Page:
Groff notes that he and Aldridge connected on their shared experiences as gay actors in the industry. “Ben and I are both in our mid-late thirties, and it was different when we were growing up 20 years ago,” Groff says. “Acceptance of sexual identity was just in a completely different place. And we’ve come so far since then and we are pinching ourselves that we get to be in this Hollywood horror movie as gay actors playing gay characters in an M. Night Shyamalan movie. This would not have been the case 15 years ago. And it’s such a special opportunity to be able to just be ourselves in a movie—in a fun, interesting, scary movie—being gay both on screen and off. Now that it’s 2022 and things have progressed, we get to ride this wave generated by all of the work that’s been done before us to get us here. And that progress that we’re benefiting from is not lost on us.”
Shyamalan’s films encourage the audience to challenge their reality and what they believe in. “I think this film is doing that more directly than any film that he’s made,” Aldridge says. “It’s really asking its audience about faith and belief, it’s questioning religion and I think it’s throwing up all these direct, confronting questions that are life’s riddles and they’re encapsulated in this unconventional domestic family setting.”
Aldridge, who is openly gay, believes the industry has made noticeable progress in representation.
“In the UK, there were a handful of really extroverted, flamboyant TV presenters, and I remember thinking, ‘That’s what gay is.’ But I didn’t know what it meant on a human level or what I was experiencing myself. So, I think representation is hugely important across the board. It’s important to be able to see ourselves reflected in the art that we’re choosing to watch. It’s how we learn about ourselves; it’s how we learn about the people in the world who are different from us as well. I think representation has the power to change and impact the world in a really positive way.”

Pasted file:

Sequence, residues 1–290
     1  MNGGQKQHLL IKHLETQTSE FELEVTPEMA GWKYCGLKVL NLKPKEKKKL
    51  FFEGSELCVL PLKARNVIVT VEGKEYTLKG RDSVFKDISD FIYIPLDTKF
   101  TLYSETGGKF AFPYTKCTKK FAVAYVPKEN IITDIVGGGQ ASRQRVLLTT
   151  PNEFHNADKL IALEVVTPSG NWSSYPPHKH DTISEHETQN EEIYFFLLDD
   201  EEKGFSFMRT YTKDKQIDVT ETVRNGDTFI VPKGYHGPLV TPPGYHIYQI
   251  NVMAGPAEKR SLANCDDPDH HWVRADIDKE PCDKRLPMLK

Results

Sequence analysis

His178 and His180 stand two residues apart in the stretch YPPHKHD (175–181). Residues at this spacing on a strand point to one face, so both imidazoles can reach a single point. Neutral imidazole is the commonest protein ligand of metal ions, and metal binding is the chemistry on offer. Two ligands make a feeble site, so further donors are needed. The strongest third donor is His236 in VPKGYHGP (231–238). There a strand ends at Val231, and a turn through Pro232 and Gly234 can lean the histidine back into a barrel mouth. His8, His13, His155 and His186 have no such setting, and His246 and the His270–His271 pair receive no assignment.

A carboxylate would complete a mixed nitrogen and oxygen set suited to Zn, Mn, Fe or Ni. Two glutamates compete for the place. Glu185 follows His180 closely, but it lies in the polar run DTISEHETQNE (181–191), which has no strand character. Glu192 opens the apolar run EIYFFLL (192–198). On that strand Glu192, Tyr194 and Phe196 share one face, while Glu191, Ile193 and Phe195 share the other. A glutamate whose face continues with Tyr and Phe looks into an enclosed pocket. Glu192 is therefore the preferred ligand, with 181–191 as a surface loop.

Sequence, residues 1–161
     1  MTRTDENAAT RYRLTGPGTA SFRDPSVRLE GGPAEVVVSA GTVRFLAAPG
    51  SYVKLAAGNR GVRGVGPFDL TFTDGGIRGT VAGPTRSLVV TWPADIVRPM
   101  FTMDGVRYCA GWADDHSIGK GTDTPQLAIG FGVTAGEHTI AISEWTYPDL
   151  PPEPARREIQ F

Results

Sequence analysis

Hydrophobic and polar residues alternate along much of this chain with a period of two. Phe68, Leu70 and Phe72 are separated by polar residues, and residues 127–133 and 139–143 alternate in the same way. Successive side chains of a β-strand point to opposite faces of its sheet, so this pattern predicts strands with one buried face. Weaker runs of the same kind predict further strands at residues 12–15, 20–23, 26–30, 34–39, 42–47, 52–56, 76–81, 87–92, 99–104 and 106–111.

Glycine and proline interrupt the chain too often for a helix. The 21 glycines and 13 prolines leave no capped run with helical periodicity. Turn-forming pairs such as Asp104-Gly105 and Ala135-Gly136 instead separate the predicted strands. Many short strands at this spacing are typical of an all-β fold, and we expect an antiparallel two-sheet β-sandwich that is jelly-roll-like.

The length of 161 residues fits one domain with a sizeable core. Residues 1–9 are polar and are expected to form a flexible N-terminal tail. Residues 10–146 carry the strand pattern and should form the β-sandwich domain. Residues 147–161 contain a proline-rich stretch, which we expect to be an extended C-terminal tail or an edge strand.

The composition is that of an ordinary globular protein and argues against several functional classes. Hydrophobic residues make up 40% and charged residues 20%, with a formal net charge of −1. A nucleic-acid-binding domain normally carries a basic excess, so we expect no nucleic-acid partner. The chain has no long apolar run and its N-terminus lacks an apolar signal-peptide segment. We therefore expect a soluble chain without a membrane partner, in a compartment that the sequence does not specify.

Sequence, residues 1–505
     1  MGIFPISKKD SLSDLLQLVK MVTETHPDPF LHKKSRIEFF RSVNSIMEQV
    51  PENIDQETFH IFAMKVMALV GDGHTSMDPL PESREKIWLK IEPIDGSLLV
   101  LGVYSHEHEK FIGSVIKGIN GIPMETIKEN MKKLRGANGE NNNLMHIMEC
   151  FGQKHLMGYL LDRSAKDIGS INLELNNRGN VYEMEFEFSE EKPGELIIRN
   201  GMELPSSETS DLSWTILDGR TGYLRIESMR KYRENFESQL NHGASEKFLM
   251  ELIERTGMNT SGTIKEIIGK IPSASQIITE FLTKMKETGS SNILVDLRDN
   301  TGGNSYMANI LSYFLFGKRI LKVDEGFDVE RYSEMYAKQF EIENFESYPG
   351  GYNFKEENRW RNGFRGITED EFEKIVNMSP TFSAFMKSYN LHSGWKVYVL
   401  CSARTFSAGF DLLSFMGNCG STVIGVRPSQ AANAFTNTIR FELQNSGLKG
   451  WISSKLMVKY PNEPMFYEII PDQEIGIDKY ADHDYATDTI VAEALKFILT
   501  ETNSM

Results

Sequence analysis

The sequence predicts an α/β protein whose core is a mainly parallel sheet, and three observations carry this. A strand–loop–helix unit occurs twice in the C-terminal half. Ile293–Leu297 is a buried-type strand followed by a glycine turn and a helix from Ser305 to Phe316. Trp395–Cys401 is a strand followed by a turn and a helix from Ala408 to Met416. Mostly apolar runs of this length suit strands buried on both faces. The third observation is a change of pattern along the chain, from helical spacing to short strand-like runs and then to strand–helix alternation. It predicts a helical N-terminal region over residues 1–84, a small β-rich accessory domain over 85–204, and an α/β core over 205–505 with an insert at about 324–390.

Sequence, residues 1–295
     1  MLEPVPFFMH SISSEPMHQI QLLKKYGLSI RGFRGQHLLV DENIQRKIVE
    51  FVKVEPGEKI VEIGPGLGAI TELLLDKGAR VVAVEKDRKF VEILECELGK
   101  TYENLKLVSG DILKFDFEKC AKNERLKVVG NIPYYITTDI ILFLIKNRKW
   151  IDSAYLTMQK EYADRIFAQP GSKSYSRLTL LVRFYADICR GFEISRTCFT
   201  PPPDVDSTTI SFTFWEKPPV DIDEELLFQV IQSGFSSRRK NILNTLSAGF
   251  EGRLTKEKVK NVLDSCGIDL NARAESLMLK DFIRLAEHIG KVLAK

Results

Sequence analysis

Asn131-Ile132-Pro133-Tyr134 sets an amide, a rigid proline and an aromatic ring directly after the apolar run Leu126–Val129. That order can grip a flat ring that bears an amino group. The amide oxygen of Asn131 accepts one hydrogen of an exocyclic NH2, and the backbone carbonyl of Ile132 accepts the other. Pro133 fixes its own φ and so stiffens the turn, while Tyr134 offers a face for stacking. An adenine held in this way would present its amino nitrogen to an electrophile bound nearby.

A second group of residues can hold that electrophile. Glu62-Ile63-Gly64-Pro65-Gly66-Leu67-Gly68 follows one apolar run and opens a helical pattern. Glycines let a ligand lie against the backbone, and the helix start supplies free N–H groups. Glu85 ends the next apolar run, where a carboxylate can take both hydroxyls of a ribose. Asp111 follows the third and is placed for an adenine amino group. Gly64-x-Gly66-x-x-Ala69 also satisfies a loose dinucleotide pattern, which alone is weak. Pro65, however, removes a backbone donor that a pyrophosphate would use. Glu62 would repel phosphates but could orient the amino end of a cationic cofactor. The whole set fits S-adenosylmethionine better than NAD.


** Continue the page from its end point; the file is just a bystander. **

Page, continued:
Sabrina is one of the four strangers who holds the family hostage, believing she is preventing the apocalypse. The role is played by Nikki Amuka-Bird, who was most recently seen in Shyamalan’s Old.
A common theme throughout the film is the idea of spirituality as an inroad to ask questions. “I was struck with this more than anything because these are questions that really matter to me: about how your spirituality, if you have one, affects your course in life,” Amuka-Bird says. “And I was just really shocked to see a mainstream film like this, a genre film like this, really tackle those big questions. It feels like a cautionary tale in some ways. But essentially, it’s something that you feel in your gut. It’s like the old stories when you were little: once somebody starts telling it, you have to know what happens at the end.”
Redmond, played by Rupert Grint, is one of the invaders of the cabin. The script for Knock at the Cabin combined two of Grint’s biggest nightmares: home invasion and the apocalypse. “There’s something quite seductive about apocalypse movies,” Grint says. “There is this fascination with an apocalypse, and people love contemplating what that would look like.” Rarely has been it explored in such a confined, remote, intimate setting, which. “Seeing it from this perspective, from this cabin, is a perfect setting for something like this.” Grint says. “This is a place where it’s so isolated, anything really could happen and you’re so far away from any help. So, it just makes it even more disturbing.”
Grint was also fascinated with the story because it taps into a lot of the topical fears that surround us right now. “We’re just coming out of a global pandemic,” Grint says. “There’s an environmental crisis in the world that has never felt more fragile. So that kind of impending fear of the demise of the planet is something that’s in a lot of people’s minds at the moment.”